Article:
CCDC Chemical Biological Center’s Director of Engineering Suzanne Milchling watches Jade Tyson score points during a STEM video game competition.

CCDC Chemical Biological Center’s Director of Engineering Suzanne Milchling watches Jade Tyson score points during a STEM video game competition.

In the Community: Center Engineering Director Judges Local STEM Youth Carnival

In the Community: Center Engineering Director Judges Local STEM Youth Carnival

By Gay Pinder

On a November Saturday morning when most kids are asleep, playing sports or streaming their favorite shows, dozens of middle schoolers turned out for the inaugural Right Stuff STEM Carnival held at the Edgewood Boys and Girls Club.

“The purpose of this carnival is to provide middle and high school students with an opportunity to learn about STEM careers, interact with senior leaders from Maryland state and county government as well as private industry and Department of Defense senior leaders in a fun and engaging environment,” said Sharon Jacobs, event coordinator and founder of New Service Training Employment Program, a non-profit youth workforce training organization and sponsor of the event along with Huntington Ingalls Industries.

The event included STEM-related activities like how to build a functioning electrical engineering device, an exhibit of STEM careers and a video game competition based on biology, chemistry and mathematics concepts.

Five teams from Cecil County and Harford County Boys and Girls Clubs competed in the video game face off. U.S. Army Combat Capabilities Development Command (CCDC) Chemical Biological Center’s Director of Engineering Suzanne Milchling presided as judge for the Aberdeen team were she noted their scores for each segment of the game and reported them to the game official.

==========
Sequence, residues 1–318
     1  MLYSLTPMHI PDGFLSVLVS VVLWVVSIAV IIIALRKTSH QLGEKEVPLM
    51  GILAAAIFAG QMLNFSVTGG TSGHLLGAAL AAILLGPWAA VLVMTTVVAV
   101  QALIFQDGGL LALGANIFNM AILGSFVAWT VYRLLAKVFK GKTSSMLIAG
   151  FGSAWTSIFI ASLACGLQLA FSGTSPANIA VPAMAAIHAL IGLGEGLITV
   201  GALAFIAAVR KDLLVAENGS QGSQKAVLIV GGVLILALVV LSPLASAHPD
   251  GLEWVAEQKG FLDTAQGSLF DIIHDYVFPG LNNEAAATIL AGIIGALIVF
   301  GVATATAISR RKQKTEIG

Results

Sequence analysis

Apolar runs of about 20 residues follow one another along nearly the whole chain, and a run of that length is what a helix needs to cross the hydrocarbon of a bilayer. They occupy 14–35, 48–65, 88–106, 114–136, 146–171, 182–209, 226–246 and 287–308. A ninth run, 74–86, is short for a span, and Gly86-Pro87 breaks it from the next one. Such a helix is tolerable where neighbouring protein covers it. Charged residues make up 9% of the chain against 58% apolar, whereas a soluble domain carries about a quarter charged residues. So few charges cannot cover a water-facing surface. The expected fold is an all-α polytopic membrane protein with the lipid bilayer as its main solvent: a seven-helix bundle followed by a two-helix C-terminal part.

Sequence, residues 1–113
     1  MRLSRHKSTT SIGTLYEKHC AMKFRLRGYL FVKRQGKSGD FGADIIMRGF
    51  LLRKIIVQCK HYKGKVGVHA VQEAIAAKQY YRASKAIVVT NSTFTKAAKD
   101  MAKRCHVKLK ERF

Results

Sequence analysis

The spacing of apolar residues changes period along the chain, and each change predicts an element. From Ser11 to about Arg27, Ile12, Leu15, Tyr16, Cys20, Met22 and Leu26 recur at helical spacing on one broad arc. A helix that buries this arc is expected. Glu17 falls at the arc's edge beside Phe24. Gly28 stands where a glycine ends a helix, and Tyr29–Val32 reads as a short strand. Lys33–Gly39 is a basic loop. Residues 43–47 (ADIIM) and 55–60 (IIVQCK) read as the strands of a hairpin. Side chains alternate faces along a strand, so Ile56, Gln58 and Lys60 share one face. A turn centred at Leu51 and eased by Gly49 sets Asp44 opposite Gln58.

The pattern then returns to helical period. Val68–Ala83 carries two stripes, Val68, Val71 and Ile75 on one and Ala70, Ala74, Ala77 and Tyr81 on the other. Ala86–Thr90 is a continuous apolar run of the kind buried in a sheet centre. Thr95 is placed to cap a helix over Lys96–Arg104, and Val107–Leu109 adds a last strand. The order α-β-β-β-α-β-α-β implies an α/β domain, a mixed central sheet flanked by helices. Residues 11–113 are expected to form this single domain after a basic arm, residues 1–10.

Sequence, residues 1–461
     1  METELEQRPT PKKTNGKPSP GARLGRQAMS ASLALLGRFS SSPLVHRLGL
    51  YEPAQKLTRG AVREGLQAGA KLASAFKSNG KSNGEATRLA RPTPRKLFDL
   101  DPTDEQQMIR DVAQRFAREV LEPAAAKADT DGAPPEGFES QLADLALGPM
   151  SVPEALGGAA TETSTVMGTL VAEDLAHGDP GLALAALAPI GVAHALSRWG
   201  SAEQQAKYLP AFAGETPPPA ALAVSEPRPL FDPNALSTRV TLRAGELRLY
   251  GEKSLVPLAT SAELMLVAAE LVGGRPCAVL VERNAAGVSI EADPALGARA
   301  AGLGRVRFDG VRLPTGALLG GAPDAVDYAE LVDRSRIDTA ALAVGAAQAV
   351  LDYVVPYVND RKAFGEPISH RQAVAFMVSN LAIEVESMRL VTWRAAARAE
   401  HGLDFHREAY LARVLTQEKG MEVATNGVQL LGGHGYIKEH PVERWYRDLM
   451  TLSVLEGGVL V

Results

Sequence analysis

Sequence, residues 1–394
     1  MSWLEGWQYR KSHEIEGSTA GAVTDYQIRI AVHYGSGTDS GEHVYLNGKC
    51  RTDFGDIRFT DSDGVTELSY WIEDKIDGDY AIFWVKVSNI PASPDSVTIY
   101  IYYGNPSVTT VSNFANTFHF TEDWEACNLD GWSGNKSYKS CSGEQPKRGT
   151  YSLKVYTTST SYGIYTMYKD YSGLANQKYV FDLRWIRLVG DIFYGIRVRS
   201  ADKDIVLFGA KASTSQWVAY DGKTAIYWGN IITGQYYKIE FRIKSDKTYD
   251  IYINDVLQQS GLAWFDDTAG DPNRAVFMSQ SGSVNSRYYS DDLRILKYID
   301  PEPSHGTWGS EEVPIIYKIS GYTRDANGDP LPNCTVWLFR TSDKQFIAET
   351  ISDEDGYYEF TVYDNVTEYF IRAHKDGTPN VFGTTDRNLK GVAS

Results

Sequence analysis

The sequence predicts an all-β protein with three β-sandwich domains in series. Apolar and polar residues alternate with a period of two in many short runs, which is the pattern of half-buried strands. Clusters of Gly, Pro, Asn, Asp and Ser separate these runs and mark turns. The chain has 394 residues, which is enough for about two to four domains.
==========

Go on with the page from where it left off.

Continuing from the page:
Coming out on a Saturday morning was no sacrifice for Milchling.

“I really like to promote STEM. I recognize that we need the next generation workforce. We need to start working on that especially to improve the demographics,” she said. “There are not that many females. We are doing a lot better than we started. Being a female role model really helps and it’s something I like to do.”

Other judges included Terry Martin, executive officer for the Engineering Directorate, CCDC Chemical Biological Center; Harford County Councilman Andre Johnson; Steve Overbay, Harford County Office of Economic Development; Frank Kellner, Harford Mutual Insurance Company and Steven Alexander, business development, Huntington Ingalls Industries.

Video games highlighted the carnival with several stations offering virtual STEM experiences including flight simulation.

“The number of video games that we have that are STEM-related technologies that the youth can play with provides them the opportunity to kind of learn by accident,” Jacobs said. “It is the ‘gotcha’ part of what Patriot Technology Training Center has set up to help kids learn about science. We’re trying to get students here in Harford County to realize that STEM careers are fun careers.”

Milchling pointed out that STEM events like the Right Stuff STEM Carnival are mutually beneficial.

“It really helps the next generation workforce get to know who we are and what we do at the Chemical Biological Center,” she said. “Kids are more likely to work near where they live and where they grew up, where they are close to family, so it will help with workforce retention.

Judges were randomly assigned to competition teams. Charles Frederick, Gabriel Johnson and Jade Tyson made up the winning Aberdeen team judged by Milchling.

CCDC Chemical Biological Center’s Director of Engineering Suzanne Milchling watches Jade Tyson score points during a STEM video game competition.